I had no idea what “civil religion” was when I arrived at Lambuth College in 1972. I’m fairly sure I assumed it was about religious people who are civil to each other despite their differences of opinion. By the end of my freshman year at Lambuth, after taking Old Testament and New Testament with Gene Davenport, I learned what “civil religion” is really all about. My life has never been the same.
Years later I wrote that Gene Davenport, Brady and Emmy Lou Whitehead, Charles Mayo and others at Lambuth turned my world upside down. I added that, on my better days, I had forgiven them. When Gene read that line he chuckled.
Gene Davenport understood all too well that it isn’t easy to have the veil lifted in this culture. Three years into my journey with Gene as teacher and mentor, I found myself walking out of the church where I was serving as youth director when the service began by displaying the flag, and the congregation singing “The Star Spangled Banner.”
Because I’d studied with and been mentored by Gene Davenport I knew that such an alliance between church and state — “civil religion” — has damaged both the church and the world. Such an alliance, Gene helped me see, leads to a “Christ” that baptizes virtually any and all of the wars of the state. It gives divine power to Caesar and keeps those of us who claim a Christian vocation from seeing the new order, the new creation, to which we’re called in Jesus Christ.
So … yes, Gene, I got it. That veil and many others were lifted over the years of our friendship.
Gene introduced me to Will Campbell, James Cone, William Stringfellow, Jacques Ellul and Thomas Merton. We read “A Black Theology of Liberation,” “My People is the Enemy,” and “Seeds of Hope.” But in the end, we always came back to the “primary text” for Gene — the Scriptures.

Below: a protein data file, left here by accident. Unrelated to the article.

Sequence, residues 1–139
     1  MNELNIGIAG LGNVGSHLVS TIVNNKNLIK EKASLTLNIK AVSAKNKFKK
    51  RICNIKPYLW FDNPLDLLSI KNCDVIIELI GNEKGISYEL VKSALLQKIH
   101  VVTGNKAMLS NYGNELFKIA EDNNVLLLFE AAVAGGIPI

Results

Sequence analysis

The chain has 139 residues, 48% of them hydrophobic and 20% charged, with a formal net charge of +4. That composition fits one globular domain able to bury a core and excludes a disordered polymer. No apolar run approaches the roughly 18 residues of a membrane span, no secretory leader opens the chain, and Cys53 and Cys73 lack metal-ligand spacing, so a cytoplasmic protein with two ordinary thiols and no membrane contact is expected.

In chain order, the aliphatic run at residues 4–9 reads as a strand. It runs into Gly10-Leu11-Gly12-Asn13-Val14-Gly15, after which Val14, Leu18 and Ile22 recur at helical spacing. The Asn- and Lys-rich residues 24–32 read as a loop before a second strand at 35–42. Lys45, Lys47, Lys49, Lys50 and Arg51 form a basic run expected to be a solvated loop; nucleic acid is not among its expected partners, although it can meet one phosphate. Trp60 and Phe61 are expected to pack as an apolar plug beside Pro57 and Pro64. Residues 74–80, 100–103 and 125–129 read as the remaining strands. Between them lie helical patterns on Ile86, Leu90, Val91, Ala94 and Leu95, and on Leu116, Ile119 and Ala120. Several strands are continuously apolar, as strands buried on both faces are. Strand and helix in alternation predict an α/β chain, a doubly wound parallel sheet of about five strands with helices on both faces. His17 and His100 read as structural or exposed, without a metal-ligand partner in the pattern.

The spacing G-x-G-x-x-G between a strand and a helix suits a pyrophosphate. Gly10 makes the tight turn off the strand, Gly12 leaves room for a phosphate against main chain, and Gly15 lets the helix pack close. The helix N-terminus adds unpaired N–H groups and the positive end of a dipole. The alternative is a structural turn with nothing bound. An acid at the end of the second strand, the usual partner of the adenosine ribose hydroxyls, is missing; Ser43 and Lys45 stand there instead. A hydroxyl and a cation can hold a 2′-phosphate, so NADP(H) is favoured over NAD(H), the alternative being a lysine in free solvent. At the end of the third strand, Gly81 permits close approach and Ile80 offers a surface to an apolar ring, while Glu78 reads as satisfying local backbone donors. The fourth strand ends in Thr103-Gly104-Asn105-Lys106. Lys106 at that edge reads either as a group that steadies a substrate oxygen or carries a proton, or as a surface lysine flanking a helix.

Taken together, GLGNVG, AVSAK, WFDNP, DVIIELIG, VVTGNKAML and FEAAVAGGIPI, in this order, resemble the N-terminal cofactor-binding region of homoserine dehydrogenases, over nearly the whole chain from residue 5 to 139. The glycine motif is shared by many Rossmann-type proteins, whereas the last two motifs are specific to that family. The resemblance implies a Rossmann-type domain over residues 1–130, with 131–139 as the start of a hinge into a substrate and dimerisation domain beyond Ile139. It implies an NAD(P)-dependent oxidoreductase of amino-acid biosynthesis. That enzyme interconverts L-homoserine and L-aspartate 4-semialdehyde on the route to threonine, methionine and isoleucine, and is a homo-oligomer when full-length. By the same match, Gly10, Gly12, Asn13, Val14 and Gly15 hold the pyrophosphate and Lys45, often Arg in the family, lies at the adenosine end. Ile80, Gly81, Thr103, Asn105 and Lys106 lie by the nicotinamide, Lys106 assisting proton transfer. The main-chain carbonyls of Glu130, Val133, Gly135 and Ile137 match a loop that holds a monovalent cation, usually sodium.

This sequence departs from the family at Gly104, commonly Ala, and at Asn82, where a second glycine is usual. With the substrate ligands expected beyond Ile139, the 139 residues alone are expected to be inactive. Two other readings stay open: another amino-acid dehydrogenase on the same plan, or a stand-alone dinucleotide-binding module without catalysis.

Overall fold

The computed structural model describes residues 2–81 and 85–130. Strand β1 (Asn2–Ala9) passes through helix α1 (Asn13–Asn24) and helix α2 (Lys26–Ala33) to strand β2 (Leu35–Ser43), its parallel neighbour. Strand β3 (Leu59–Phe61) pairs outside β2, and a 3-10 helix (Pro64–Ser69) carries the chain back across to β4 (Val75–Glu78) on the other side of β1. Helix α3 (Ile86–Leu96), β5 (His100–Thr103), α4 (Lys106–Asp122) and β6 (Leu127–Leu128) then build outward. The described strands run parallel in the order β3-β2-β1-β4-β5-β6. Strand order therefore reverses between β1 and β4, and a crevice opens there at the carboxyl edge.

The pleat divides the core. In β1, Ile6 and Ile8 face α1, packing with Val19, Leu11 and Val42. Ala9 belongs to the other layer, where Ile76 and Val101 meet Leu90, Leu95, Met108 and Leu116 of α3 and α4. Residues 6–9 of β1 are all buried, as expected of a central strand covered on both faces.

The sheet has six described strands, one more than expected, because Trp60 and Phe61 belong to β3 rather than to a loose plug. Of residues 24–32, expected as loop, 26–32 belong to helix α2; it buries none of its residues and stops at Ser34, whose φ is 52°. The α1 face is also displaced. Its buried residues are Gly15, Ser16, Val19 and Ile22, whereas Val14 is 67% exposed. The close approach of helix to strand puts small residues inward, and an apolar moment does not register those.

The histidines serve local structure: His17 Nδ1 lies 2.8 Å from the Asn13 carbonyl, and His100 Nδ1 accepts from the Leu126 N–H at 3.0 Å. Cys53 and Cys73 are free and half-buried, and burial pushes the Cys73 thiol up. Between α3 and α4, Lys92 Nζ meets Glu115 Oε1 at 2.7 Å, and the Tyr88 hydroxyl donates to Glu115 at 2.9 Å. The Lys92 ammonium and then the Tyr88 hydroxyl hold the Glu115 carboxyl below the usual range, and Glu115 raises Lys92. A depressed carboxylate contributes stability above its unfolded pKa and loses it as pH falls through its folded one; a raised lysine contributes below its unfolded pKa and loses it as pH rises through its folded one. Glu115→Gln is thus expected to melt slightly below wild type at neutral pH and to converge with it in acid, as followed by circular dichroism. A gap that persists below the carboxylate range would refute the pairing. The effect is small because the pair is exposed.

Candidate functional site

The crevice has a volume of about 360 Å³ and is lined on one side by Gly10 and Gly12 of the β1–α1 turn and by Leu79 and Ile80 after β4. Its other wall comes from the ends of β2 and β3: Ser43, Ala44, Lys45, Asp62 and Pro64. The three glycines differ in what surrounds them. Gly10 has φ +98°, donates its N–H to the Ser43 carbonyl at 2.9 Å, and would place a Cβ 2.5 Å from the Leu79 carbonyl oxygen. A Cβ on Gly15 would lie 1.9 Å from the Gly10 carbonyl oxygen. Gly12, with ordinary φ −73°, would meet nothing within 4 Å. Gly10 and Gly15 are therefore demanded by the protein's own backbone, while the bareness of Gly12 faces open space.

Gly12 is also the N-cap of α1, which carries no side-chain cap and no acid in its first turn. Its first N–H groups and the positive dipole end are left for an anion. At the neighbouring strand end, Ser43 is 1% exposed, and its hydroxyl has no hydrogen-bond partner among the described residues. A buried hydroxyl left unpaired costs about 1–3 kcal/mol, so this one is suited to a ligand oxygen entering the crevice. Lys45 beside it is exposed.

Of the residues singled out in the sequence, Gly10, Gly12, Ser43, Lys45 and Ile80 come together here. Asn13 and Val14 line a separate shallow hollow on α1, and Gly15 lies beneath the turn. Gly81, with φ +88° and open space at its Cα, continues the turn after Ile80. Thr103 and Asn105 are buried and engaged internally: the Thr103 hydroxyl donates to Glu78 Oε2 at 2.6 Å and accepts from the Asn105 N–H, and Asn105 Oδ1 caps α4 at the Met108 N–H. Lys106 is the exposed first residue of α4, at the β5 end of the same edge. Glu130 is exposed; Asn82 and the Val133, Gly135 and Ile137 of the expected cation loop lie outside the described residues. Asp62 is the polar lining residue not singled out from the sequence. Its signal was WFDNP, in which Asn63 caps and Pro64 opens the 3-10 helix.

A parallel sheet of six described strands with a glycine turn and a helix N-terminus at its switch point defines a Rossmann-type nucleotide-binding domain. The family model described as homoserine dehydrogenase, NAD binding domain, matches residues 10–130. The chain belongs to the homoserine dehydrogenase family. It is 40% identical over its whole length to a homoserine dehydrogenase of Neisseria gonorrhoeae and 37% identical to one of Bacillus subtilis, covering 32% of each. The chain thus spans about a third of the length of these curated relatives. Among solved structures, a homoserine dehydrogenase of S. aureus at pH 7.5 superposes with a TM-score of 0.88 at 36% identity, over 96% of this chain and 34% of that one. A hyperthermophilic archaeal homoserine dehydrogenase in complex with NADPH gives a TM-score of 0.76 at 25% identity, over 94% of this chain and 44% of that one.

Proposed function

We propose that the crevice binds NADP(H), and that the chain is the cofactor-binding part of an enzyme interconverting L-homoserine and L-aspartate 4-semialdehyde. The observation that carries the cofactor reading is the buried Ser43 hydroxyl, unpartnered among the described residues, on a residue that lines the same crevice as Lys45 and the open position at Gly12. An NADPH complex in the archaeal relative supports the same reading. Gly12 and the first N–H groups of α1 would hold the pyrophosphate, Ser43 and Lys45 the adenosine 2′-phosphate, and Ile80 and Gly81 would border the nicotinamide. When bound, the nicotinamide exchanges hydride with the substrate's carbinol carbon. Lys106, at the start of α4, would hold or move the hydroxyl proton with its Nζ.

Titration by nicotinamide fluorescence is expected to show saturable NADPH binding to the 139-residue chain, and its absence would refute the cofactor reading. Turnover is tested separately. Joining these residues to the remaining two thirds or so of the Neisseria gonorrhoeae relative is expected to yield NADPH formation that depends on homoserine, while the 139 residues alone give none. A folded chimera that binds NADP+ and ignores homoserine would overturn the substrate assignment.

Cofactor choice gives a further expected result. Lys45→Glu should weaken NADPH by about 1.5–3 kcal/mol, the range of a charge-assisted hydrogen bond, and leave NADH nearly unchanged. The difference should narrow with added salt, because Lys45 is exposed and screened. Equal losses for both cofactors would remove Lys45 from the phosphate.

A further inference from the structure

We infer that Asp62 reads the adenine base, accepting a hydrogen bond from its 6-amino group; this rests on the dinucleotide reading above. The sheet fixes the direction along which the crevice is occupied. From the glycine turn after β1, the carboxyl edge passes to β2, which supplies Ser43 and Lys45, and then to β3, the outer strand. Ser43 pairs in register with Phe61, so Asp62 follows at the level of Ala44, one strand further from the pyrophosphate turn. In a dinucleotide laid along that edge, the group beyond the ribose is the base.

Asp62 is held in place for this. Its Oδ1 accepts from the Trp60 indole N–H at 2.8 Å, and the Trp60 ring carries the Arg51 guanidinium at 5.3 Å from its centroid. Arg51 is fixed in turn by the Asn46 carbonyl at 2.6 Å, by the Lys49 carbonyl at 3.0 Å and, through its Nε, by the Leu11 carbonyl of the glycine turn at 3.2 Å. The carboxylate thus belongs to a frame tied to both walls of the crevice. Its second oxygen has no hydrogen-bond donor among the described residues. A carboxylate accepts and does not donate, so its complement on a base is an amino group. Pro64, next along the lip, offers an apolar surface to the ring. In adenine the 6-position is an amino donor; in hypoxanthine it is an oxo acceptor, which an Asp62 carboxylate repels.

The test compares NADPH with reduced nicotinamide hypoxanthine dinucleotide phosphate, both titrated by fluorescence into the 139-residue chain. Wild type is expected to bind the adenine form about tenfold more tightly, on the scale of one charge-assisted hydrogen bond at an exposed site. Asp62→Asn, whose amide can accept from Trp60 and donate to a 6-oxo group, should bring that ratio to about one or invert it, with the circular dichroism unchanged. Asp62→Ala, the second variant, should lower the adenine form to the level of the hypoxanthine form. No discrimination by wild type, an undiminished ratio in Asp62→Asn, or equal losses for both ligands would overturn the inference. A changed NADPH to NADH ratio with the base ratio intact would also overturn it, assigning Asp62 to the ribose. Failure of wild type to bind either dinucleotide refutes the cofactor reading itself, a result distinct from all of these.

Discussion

Anyone who knew Gene Davenport, knew of his love for the Scriptures. Both Old and New Testament texts were more to him than documents to be studied. Gene was like a great rabbi, who never reduced the texts to the “merely literal” (his words) handwriting of God. They were his companions, and he was in a lovely dialogue with them every day.
His love for such dialogue made Gene an extraordinary teacher and guide. He insisted on hearing from his students. He wanted us to respond to writers, ideas and theology, not just feed back to him something shared in a lecture.
In my first semester in Old Testament class, Gene required a weekly “response paper.” I enjoyed writing them, but was sure we’d be graded on information memorized from the books and his lectures. Then came the midterm exam. And though Gene warned that we should avoid regurgitating information, several of us went with our past educational experience. We played the feedback game. We were certain he would be pleased with the good information we “knew.” I got my very first “D slip” in college in Gene Davenport’s class. I also received an automatic institutional invitation to seek tutoring!
But Gene was my tutor. I didn’t need another. I simply needed to take seriously his call to have skin in the game, so to speak. I needed to join the conversation and journey.
I did. And I have. And my Christian life is infinitely richer, and, hopefully on most days, more real, because I was blessed with a teacher, mentor and friend who would simply not settle for less — in himself first of all, but also in his students and friends.
I know of no better words to describe Gene Davenport than to say that he was a tender prophet. We will miss him more than he could ever have imagined.